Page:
Achieving a long and successful retirement is the ultimate goal for many. They believe that if they put the effort into saving, investing and growing their retirement fund, the living will be easy. But in these days of complex pension rules and potentially lower returns, building up a pension is not the end of the story. Cameron Walker, head of private banking, Jersey, at Nedbank Private Wealth, explains how managing your money through retirement can bring a whole new set of challenges and risks
THE key challenge is how to convert your accumulated assets – your investments, pensions and savings – into an income that will sustain you throughout your retirement, particularly when you have no idea how long you will live for.
Known as the decumulation stage of retirement planning, it is often likened to mountain climbing as the most difficult part of a climb isn’t always the ascent to the summit. More accidents actually happen on the way down.
And it’s the same with your finances. Becoming increasingly reliant on generating an income from your assets presents additional risks which need to be managed to ensure your retirement is a success.
What are the key risks?
1. Inflation risk
Compounded over a long time, inflation can have a significant impact on the real value of your money. If you are retired and living on your savings, it can make it increasingly difficult to maintain the standard of living for which you planned.
The latest Jersey retail price index, published in March 2023, is 12.7%, which is probably significantly higher than most of your returns. This means that, over time, you are losing money in real terms. There is also the likelihood that the quarterly retail price index published does not reflect your particular expenses, which could be higher.
2. Longevity risk
Medical advances and better health mean we are typically living longer than ever before, but these benefits come with the risk that you could outlast your wealth.
In the UK, a couple in their early 60s today have a 25% chance that at least one of them may join the exclusive centenarian club. Many people underestimate their longevity, but it’s a possibility you should take into account to ensure your financial future stands the test of time.
3. Sequence risk
If investment returns are weak in the earlier years of retirement and coupled with potentially high withdrawals, the two can dramatically impact the long-term value of your portfolio, irrespective of whether you see higher investment returns later on in your retirement.
While sequence risk is often a matter of luck, there are steps you can take to mitigate its impact.
How can a wealth manager help?
With so many considerations to be balanced, it is vital to seek a wealth manager who can provide the specialist wealth planning and investment advice required for the decumulation phase of your retirement.
While saving and investing, you will probably have taken advice on the best way to achieve your goals. Once you reach retirement, however, it is equally important to consider the most effective way to draw an income from the wealth you have accumulated.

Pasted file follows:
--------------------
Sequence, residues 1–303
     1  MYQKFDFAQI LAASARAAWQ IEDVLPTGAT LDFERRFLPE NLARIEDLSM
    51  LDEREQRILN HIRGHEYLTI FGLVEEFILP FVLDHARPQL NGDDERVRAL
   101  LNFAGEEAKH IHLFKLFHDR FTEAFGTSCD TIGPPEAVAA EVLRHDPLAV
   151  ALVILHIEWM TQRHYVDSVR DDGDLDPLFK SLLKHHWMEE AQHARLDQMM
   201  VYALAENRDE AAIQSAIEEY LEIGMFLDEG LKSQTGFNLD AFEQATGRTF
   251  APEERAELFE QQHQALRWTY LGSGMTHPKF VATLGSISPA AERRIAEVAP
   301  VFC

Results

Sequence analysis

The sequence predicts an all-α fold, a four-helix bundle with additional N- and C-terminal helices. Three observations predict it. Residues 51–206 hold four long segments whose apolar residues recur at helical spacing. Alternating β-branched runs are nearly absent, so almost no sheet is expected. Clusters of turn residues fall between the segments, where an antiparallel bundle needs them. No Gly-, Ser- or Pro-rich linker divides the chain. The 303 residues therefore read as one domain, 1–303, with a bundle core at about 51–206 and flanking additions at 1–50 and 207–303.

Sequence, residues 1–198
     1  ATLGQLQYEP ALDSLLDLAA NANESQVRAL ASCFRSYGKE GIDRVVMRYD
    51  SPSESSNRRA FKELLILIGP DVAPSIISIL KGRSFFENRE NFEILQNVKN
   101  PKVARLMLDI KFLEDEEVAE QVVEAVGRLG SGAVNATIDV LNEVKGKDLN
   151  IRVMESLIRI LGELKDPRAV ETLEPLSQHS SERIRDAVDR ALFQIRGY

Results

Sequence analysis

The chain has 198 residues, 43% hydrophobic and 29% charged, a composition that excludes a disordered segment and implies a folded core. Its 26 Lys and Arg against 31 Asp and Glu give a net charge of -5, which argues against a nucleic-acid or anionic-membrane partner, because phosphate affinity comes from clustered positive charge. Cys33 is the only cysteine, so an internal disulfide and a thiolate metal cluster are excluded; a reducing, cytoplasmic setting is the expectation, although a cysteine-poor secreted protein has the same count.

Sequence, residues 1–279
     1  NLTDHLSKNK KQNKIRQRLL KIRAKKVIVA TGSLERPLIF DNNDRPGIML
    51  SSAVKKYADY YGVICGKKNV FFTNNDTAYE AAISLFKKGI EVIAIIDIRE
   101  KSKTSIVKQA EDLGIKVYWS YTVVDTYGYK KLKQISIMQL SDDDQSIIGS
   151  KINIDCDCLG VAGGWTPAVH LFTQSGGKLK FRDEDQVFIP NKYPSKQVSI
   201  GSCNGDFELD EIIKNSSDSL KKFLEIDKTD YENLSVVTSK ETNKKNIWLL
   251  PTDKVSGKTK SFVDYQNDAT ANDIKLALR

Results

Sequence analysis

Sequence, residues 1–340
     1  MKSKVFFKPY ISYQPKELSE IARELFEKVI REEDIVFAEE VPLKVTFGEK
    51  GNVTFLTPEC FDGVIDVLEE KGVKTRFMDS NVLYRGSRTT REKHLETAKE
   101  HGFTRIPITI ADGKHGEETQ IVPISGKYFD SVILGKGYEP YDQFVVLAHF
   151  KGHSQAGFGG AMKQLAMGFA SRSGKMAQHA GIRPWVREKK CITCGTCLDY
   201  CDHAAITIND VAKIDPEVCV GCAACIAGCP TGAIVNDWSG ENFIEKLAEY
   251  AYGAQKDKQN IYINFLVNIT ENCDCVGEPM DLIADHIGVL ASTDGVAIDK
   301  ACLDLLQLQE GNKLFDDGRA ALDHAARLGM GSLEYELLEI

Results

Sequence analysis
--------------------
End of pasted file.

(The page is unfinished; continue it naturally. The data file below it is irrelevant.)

This requires an understanding of which assets to sell in order to fund retirement expenses and which assets to buy to ensure your portfolio does not erode in value – all without taking on too much risk and volatility. Your pension and non-pension assets should be considered alongside your overall, long-term goals when determining which assets to draw on first.
Alongside the wealth planning support, you should make sure your investment portfolios are being actively managed. This means an experienced investment manager will ensure your portfolio is suitably diversified and contains a wide range of asset classes – such as funds, equities, bonds and property etc – that can help to mitigate the effects of inflation risk. They can also help you to benefit from the various underlying characteristics of individual asset classes in order to meet your goals.
A dual portfolio approach
As well as actively managing your portfolio assets to generate returns, it is equally important to meet your retirement withdrawals. This is where a dual portfolio approach can help. While not appropriate for every client, many can benefit when their portfolio is split and managed across two levels of risk.
In this scenario, a cautious risk portfolio is designed to be less volatile and generate steady returns to meet your withdrawal profile, while a higher-risk portfolio aims to provide longer-term growth over your retirement period.
The more cautious portfolio also works to protect more of your capital from large market movements, due to its mix of asset classes, and helps to mitigate sequence risk. The higher-risk portfolio, meanwhile, is usually invested in riskier assets, such as equities and property, which help you to manage both inflation and longevity risks.
Your investment manager will manage the two portfolios as appropriate, to ensure the level of investment risk across both remains in line with your overall risk profile and tolerance.
Combining a dual portfolio approach with active investment management can help overcome the competing risks of longevity and sequence.
Ultimately, however, your choice of a wealth manager is not just down to technical expertise, but also a question of trust and whether they really understand your needs. You should be confident that the same due care and attention paid to you today will be sustained in the decades to come – to help you achieve financial success in retirement.
To find out more, call 01534 887889, email email@example.com or visit nedbankprivatewealth.com.